White Bird is asking the public to help find the dental loupes. If you have any information please call White Bird Dental at 344-8302.
Silver Lining Production House has announced its first major client: Nancy's Yogurt. We reported on the opening of the production house in March ("Silver Lining Playbook") when it was too early for Silver Lining to announce its clients publicly. SL has designed and produced Earth Day tote bags for Nancy’s Yogurt, who posted the following on its Facebook page today:
Enter Nancy’s Yogurt Earth Day Giveaway! Five lucky Nancy’s fans will be selected EACH DAY this week to win a FREE limited-edition Nancy’s tote, made from fabric banners previously used for trade shows and events – now with a second life! These beautiful totes are created with the help of the talented folks at Silver Lining Productions.
Silver Lining hosts its grand opening 6 pm Friday, May 2, at 309 W. 4th Ave., Suite 230.
Oregon’s Last Comedian Standing finals are tonight at Kowloon Restaurant & Lounge, 2222 MLK Blvd. near Autzen Stadium. Schmoozing begins at 7 with showtime at 8. Entry is $5 to $10 at the door. One hundred contestants from around the state are down to six tonight: Juan Knuston, Jake Woodmansee, Chris Green, Will Gibbions, Scoot Heering and Andy Schanz. Cash and prizes are valued at $10,000.
UO law prof Rob Illig got a little hot under the collar the other day and his series of emails went viral. As The Oregonian puts it, it's not "cute-puppy viral" either. UO econ prof Bill Harbaugh called attention to rants (and lists the sites that have picked up the story) the on his UO Matters blog.
According to the Oregon Law Blawg, in its response to the brouhaha, the issue was a proposal that a group of law faculty came up with — " to divert the law school’s portion of the faculty merit pay funds to a post-graduate fellowship program for new law grads, in lieu of accepting a pay increase."
In other words, because it is hard for law students to get a job after they graduate, the faculty wanted to help them out. According the website Above the Law, which calls itself "a behind the scenes look at the world of law," only 57 percent of 2013 law school graduates are "employed in full-time, long-term jobs that require bar passage."
He writes, "As I learn more of the details of Friday’s proposal, I am even more perplexed by its logic and frightened by its poison," and continues:
"Voting on this important a decision without notice and without serious consideration was a gross breach not only of procedure but of TRUST.
What did the agenda say? “Discussion of Graduate Fellowships.” Pardon my French, but this is absolute bullshit. Colleagues do not ambush one another like this.
How can I trust the administration or any of my faculty colleagues? No wonder we’ve become a third-tier law school. Who’s going to want to come here to study or teach in this kind of poisonous atmosphere?"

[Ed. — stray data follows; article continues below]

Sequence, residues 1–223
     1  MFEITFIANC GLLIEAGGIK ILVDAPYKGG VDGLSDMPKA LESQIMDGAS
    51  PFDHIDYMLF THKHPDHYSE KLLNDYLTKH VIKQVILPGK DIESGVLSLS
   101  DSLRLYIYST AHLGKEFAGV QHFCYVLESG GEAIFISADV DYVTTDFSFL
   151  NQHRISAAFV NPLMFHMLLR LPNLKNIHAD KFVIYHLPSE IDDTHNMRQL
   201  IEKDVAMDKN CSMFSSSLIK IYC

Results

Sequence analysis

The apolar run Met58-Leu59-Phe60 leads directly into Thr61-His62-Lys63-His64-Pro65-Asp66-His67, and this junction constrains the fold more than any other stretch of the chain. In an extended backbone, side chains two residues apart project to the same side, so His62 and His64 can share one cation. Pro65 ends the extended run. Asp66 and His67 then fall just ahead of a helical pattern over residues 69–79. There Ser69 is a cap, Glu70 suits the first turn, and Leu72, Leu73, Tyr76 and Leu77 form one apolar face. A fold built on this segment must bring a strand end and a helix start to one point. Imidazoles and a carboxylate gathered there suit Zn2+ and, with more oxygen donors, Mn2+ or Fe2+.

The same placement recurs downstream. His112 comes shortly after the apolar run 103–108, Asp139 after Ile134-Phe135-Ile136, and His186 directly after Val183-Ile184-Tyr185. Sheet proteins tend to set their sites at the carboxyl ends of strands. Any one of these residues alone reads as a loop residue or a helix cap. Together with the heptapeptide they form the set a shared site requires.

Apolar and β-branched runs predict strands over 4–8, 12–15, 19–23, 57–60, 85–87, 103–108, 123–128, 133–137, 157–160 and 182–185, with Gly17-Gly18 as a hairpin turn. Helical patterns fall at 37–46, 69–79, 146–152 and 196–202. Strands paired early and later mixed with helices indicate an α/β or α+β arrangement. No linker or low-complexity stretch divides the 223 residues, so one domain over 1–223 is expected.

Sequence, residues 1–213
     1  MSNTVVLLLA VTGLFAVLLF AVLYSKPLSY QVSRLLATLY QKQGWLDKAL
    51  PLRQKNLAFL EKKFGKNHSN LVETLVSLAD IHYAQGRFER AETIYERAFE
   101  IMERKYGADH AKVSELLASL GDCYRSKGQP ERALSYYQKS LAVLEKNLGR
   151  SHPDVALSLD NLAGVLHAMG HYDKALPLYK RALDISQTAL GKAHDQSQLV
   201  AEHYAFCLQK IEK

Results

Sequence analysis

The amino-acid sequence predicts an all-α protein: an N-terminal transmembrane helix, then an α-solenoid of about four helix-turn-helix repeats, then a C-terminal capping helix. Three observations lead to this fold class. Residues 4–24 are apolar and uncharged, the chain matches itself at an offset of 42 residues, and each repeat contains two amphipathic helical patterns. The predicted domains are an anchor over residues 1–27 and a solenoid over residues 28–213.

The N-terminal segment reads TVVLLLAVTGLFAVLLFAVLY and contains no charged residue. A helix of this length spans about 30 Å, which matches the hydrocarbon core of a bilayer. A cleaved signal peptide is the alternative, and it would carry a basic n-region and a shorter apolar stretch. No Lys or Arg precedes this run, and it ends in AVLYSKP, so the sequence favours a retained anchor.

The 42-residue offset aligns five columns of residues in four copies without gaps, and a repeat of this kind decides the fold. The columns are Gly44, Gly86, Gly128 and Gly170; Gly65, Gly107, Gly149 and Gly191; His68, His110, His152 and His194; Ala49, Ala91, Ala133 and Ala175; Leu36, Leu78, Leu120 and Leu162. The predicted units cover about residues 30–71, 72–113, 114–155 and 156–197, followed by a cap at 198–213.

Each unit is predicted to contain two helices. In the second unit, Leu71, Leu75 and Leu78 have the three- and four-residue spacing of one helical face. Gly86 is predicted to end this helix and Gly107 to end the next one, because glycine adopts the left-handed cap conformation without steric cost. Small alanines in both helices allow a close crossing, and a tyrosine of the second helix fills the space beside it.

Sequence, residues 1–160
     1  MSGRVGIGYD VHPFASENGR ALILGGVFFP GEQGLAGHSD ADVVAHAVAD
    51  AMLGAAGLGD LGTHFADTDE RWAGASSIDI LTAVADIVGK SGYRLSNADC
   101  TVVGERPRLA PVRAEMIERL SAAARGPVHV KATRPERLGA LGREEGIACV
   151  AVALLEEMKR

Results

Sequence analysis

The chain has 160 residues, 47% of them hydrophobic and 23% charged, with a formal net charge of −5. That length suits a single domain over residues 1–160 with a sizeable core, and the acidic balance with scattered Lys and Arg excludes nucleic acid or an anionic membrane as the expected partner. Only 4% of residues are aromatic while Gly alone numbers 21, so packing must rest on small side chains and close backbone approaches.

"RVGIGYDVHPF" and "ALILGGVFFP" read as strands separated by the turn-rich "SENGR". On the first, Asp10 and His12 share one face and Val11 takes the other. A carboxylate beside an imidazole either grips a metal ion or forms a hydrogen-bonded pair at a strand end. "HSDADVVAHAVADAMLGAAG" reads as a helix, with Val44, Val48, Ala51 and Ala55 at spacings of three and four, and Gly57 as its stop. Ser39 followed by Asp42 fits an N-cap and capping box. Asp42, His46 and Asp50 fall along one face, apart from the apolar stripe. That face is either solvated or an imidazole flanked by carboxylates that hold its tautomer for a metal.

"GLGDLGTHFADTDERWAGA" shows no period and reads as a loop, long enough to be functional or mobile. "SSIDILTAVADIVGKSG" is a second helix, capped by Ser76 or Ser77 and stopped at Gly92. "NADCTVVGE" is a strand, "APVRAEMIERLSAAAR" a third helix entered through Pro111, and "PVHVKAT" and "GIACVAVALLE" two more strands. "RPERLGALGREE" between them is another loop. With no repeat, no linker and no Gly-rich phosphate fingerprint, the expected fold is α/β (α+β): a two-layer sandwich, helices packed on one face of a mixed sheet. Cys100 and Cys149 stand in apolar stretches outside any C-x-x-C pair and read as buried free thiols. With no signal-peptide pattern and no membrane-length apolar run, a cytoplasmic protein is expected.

You can read them all here.
The Above the Law blog writes Illig's emails "are simply wondrous," and says Illig sounds like "an entitled baby."
Above the Law also says that Illig has point, if phrased poorly:
"While we agree that it may be unfair for the school to cancel professors’ raises, this is the kind of educational crisis that requires everyone involved to give a little bit more, lest they find themselves on the receiving end of a faculty buyout offer or, worse yet, a layoff. It’s not like this hasn’t happened at many law schools already. Unfortunately, like the honey badger, Professor Illig doesn’t seem to give a s**t."
In the end, the faculty plan, Illig's viral rant notwithstanding, got shot down, according to the post by Jen Reynolds on the Oregon Law Blawg:
"Last Friday, this group brought this idea as a resolution (included below) to the regularly scheduled faculty meeting. A wide majority of those present voted to approve the resolution—in addition, a majority of the full faculty support the resolution.
We brought the matter to the Provost and although he is supportive of our goals he cannot bend the University rules to make this creative idea happen. However, we remain committed to finding ways to fund post-graduate opportunities and address other employment issues facing our graduates."
Want a chance to discuss public education in Oregon with longtime education advocate Art Pearl? Check out “Who Calls the Shots in Public Education?”, an April 23 meeting featuring Pearl and a group of fifth graders from Edison Elementary School voicing their thoughts on democracy and the Bill of Rights as pertaining to public education.
Last year, the Reclaiming and Renewing Our Public Education Community Dialogues hit the scene with a talk from Nancy Golden, Oregon's chief education officer, and a series of collaborative conversations between students, teachers, parents and other interested community members. The upcoming meeting is the third in the series, following last November's group discussion led by a teacher from Seattle who took issue with standardized testing in Washington state.
These community dialogues seek to address public education issues in a unique way, featuring guest speakers but also allowing time for audience participation and round table discussions. The way we think about public education needs to change, and finding ways to allow everyone to contribute to the conversation is a good first step.
“Who Calls the Shots in Public Education?” starts 6:30 pm Wednesday, April 23, at South Eugene High School, 400 E. 19th Ave. The event is free and open to the public. Check out its Facebook page here.
Moonalice coming to Cozmic May 3.